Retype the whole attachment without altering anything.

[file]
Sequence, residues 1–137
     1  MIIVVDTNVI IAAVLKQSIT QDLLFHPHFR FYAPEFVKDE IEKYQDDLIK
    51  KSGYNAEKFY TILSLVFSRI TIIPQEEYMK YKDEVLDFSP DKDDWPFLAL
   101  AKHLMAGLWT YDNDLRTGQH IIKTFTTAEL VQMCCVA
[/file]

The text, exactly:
Sequence, residues 1–137
     1  MIIVVDTNVI IAAVLKQSIT QDLLFHPHFR FYAPEFVKDE IEKYQDDLIK
    51  KSGYNAEKFY TILSLVFSRI TIIPQEEYMK YKDEVLDFSP DKDDWPFLAL
   101  AKHLMAGLWT YDNDLRTGQH IIKTFTTAEL VQMCCVA